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Frank the Painter
A house painter meets a barista who won the lottery. She entices him to travel the world with her. The house painter is in love with a little person who turns out to be affiliated with the mafia. The barista and the house painter marry. Their struggle of finding ways to express themselves unearths mental illness and drug abuse. They seek to find themselves and lead healthy lives.
Reviews
Kaplan’s satiric picaresque imagines a Cleveland painter’s absurd, semi-Quixotic quest for self-actualization, a spiritual and physical journey that will transport him from his native Cleveland all over the world and back again. When he’s not replicating the Sistine Chapel on the ceilings of his clients’ garages, talented house painter Frank stalks an employee, Carla, at the local stationary store. After one of his customers, Marissa, wins a million dollars, she takes Frank on a worldwide journey “to cultivate his talent” that ends with their marriage and adoption of a daughter from China. Frank embarks on a variety of bizarre schemes, such as founding a cult and assisting a start-up circus, all while trying to discuss spirituality and religion with a wide range of people.

In the midst of Kaplan’s narrative, a terrorist incident leaves Frank with another child, Jayden, who is reported to have psychic powers and becomes the central inspirational figure for Frank’s “cult of disbelief,” whose followers get called “Non Believers.” Kaplan adds peculiar twists when Carla kidnaps Jayden in revenge for Frank’s stalking and when Frank takes on the underground forces threatening Cleveland, all while dealing with his own mounting mental health crisis.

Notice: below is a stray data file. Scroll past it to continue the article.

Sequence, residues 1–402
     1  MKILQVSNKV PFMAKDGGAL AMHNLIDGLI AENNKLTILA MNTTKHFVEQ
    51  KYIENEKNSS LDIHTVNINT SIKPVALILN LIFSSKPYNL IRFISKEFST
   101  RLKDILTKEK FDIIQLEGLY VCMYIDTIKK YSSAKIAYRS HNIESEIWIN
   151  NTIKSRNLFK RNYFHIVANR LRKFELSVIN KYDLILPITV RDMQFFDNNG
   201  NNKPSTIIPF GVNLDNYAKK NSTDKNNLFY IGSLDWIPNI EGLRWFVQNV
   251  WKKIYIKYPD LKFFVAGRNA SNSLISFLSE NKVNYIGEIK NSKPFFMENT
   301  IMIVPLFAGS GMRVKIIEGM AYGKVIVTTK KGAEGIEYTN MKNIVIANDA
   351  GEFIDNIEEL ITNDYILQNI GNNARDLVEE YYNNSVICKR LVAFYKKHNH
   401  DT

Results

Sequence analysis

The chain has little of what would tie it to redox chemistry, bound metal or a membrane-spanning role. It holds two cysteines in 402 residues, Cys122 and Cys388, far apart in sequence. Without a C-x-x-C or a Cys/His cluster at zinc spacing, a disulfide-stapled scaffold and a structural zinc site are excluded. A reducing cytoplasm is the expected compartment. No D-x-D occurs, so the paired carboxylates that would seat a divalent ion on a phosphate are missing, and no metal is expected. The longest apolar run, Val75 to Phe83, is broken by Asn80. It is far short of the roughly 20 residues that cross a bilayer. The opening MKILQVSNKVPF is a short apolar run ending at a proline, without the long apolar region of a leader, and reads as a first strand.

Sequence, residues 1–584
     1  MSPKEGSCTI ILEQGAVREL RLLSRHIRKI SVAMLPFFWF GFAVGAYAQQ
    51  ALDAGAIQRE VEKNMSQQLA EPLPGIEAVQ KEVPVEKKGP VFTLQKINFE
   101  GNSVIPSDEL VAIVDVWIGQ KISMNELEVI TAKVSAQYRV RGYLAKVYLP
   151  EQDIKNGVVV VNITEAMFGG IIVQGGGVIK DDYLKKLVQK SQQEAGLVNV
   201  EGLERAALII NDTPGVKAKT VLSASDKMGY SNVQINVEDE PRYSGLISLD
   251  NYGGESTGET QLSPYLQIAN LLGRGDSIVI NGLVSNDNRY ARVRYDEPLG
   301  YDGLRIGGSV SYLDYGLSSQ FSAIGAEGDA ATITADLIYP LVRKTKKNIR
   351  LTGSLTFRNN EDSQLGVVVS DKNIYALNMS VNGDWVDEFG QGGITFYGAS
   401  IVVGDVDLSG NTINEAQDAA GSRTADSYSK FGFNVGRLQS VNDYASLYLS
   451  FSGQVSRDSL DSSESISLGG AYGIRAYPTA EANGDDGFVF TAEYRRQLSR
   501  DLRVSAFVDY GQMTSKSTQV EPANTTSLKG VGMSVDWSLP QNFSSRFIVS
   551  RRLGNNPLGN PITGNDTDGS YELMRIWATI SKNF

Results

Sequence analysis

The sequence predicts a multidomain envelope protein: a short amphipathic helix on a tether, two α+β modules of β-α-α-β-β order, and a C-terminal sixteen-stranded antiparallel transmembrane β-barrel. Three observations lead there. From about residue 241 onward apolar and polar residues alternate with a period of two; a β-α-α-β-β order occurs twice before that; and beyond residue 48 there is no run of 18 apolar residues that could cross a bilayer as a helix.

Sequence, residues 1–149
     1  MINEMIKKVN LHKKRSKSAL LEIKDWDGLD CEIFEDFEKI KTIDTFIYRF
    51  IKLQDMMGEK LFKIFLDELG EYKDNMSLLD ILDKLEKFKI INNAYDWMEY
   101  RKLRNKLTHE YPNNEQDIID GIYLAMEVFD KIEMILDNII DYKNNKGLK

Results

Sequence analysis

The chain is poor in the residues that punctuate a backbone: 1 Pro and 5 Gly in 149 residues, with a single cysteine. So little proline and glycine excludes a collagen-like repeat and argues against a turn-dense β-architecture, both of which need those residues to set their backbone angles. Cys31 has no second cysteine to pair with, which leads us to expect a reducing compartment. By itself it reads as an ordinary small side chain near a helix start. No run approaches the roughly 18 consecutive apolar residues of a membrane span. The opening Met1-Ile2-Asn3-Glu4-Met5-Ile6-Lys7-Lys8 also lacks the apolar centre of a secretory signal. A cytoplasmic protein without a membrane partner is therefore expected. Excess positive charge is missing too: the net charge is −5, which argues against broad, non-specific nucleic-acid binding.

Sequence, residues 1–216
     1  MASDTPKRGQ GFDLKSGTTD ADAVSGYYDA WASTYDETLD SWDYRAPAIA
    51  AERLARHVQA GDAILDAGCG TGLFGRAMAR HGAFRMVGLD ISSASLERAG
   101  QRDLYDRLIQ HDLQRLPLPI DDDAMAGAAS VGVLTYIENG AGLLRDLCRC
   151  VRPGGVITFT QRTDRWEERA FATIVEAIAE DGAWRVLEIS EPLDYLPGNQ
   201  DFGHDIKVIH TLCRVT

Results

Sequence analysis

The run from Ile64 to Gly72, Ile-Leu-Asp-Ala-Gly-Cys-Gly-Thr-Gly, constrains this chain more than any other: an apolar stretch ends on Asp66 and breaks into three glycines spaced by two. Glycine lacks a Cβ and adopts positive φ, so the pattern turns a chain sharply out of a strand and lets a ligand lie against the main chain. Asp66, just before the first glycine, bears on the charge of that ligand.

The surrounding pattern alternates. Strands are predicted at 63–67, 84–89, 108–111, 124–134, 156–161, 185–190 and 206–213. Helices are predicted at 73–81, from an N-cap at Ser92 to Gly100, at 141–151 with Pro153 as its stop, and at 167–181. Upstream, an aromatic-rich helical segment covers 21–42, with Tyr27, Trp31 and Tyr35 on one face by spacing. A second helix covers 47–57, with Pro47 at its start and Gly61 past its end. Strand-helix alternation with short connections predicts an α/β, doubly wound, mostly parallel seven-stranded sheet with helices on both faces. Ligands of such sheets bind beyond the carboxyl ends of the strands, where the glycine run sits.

Kaplan’s lampooning of self-actualization narratives often hits its target, as when Frank joins a group of vigilante do-gooders who, with no training or qualifications, attempt to treat drug addicts. Yet Kaplan’s narrative is so overstuffed with that it loses focus, making it difficult to ascertain his perspective, which is critical in satirical writing. Readers will likely struggle to understand whether some offensive ideas (Jayden being named a “hermaphrodite”; Frank’s certainty that a Chinese man wants to eat his dog) are being parodied or presented in earnest. Frank is best when it slows down and explores a character’s interiority. Readers who relish playful satire will find Frank's adventures thought-provoking.

Takeaway: Lovers of the absurd will find plenty to cheer about in this overwhelming satiric novel.

Great for fans of: John Kennedy Toole’s A Confederacy of Dunces, Angela Carter’s Nights at the Circus.

Production grades
Cover: A
Design and typography: B
Illustrations: N/A
Editing: B+
Marketing copy: B

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